REVISED Arthurs Seat Skylift gondola plans received a reluctant green light from shire councillors last Wednesday night, but with some suggested changes – a new colour for the gondolas and reservations about the location of heritage objects, which Skylift initially proposed to house inside the summit station.
The matters may be negotiated with the applicant.
Other changes Skylift wants appear likely to reduce costs. They included removing a toilet block from the bottom station – and thus off the Skylift budget – on to public land and deletion of several original design features.
After the meeting, several members of the Save Our Seat anti-gondola group said they would go back to the Victorian Civil and Administrative Tribunal (VCAT) on 20-21 May, especially about the new height of the gondola pylons. Some are four metres taller than shown on the original plans, they said.
They accused some councillors of not fully understanding their role in “secondary consent” decision-making on a VCAT decision.
Secondary consent allows councillors to decide on matters that do not result in transformation of a proposal; do not authorise something for which primary consent is required; are of no consequence; and are not contrary to a specific requirement of the VCAT permit.
SOS members oppose the degree to which they say Skylift dominates the Arthurs Seat escarpment and summit, which they say will create substantial visual pollution of Arthurs Seat.
During the council meeting a ripple of mirth in the gallery greeted shire planner Niall Sheehy’s defence of the proposed red gondolas, which he argued would “complement” the Arthurs Seat landscape. Councillors are seeking grey, green or blue as more appropriate colours.
The shire planner report to councillors makes reference to several other changes, which it describes variously as “minor” (a 70 per cent change), “inconsequential” (a 34.62 per cent change) and “very minor” (a 17.79 per cent change).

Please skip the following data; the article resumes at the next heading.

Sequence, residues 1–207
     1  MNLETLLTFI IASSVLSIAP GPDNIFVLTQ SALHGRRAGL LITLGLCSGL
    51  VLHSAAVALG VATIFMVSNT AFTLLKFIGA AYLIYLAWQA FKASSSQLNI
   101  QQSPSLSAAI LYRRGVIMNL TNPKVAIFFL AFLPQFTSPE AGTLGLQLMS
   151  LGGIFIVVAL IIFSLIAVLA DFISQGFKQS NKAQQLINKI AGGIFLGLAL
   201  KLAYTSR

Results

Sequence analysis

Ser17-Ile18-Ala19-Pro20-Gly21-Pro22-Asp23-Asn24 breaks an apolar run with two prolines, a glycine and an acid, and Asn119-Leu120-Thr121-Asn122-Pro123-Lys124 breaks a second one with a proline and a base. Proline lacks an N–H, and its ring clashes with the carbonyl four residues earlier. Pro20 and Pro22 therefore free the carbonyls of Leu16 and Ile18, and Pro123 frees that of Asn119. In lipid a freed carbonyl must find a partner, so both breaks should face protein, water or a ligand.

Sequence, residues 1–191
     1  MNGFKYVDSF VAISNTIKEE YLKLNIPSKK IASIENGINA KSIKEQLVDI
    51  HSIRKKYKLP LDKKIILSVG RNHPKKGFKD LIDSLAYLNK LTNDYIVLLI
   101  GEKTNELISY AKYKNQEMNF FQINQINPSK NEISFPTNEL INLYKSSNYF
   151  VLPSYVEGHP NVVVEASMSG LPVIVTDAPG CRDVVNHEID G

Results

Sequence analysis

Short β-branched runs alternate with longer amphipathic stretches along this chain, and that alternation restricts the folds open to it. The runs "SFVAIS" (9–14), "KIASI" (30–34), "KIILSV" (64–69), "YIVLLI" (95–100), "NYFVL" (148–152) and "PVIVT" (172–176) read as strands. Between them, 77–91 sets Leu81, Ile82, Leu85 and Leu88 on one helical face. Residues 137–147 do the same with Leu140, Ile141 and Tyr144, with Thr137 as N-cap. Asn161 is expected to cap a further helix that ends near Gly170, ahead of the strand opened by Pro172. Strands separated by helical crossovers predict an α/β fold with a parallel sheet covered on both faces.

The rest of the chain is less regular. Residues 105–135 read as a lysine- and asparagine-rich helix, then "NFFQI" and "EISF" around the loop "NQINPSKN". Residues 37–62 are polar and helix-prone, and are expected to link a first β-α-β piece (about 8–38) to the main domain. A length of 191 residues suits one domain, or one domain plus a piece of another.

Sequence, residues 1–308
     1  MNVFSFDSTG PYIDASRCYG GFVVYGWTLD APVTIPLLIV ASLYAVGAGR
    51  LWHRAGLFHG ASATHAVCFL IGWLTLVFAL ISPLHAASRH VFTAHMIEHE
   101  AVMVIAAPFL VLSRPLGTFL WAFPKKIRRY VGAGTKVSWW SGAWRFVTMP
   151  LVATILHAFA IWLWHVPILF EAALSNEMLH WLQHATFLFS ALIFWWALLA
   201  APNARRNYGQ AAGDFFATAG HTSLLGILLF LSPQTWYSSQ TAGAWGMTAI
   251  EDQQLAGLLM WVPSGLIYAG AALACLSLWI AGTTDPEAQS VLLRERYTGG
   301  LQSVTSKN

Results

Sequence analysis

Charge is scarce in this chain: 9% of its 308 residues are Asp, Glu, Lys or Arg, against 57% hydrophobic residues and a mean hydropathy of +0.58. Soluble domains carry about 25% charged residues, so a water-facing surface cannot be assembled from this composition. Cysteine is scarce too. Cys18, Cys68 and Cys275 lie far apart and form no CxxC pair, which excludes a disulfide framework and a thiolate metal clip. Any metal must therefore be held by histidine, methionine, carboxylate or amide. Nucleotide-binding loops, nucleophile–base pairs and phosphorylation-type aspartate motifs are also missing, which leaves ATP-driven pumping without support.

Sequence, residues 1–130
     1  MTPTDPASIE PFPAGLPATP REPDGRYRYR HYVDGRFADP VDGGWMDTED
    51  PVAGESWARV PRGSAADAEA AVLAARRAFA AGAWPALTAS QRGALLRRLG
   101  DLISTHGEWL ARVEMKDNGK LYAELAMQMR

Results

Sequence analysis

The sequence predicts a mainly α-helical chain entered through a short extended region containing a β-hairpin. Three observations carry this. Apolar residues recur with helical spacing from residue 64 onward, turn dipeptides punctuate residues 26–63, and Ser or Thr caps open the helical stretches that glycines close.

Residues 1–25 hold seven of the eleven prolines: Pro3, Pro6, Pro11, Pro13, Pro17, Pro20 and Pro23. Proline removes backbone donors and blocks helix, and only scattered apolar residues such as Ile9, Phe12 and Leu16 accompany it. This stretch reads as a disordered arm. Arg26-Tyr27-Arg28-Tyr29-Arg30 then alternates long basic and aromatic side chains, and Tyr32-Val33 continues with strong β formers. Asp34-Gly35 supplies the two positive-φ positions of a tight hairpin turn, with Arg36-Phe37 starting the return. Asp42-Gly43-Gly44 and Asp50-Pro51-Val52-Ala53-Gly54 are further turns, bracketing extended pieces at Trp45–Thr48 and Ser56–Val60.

Councillors pressed questions on why the land corridor under the gondola path needed to be doubled from 20 to 40 metres. Senior planner Lucas Gardiner said the extra land was needed for cabling and piping between the top and bottom stations but further tree removal or pruning would not necessarily be required.
The revised plans required council approval but councillors were told they were severely restricted in what changes they could make to the VCAT permit conditions.
Changes sought – and approved – to the top station included moving the kitchen and deleting the coolroom of the cafe; deleting the information/history gallery; increasing the amount of glass in the west and north walls; changing the “biowood” façade to vertical metal cladding; and reducing the building’s footprint by 5 per cent.
At the lower station Skylift proposed deletion of the lower forecourt; removal of the “amenities block” (toilets) to Parks Victoria land; deletion of a wall, to be replaced by a 45-degree slope; removal of the information centre, to be replaced with a “slim-line information wall”; deletion of a first floor office; and reduction of the gondola storage area by 5.5 per cent.
Skylift also proposed cutting the lower station footprint by 26.3 per cent and changing the façade from pre-cast concrete to vertical metal sheets.
Cr Hugh Fraser wanted to know why officers thought red gondolas “would complement the natural landscape”. Mr Gardiner said the applicant told council the colour “was reflective of the chairlift” … it’s how you read it in the landscape”. The gondola “edge elements” were red, but most of the car was tinted Perspex or the open frame of the car, he said.
“You’re not going to read them as solid red eggs floating up and down the escarpment,” he added.
Mr Sheehy said the intention of the permit clause “was not to screen or hide the gondolas from the landscape; it’s to assist in complementing the landscape … it was determined that the gondolas in that red tone would complement the landscape”.
Skylift chief Hans Brugman, asked about plans to display the heritage objects, said the intention was to place them around the summit, with a map to help people locate them. The objects include some large items, including gates from the 1930s viewing tower demolished in 2012 that Parks Victoria said had concrete cancer. The top gondola station will be built where the tower once stood.
Other items such as photographs could be displayed inside the station, Mr Brugman said.
Cr Graham Pittock suggested that, reflecting the original proposal, the heritage objects all be displayed inside. Mr Gardiner said it was difficult in secondary consents “to introduce new permit conditions, I guess … other than minor elements” such as a different roofing material.
Seeking to house the objects was “a fundamental change”, he said, and “may be best negotiated with the permit applicant”.
Cr Antonella Celi had a question “because this is all starting to get confusing – on purpose”. During the indignant reaction from several councillors to this remark, she apologised, attributing her comment to “a slip of the tongue. No offence meant – can we get on with it?”
The shire, as the responsible authority, will be back in VCAT in May, when the tribunal will adjudicate on whether to accept councillors’ amendments to the Skylift permit.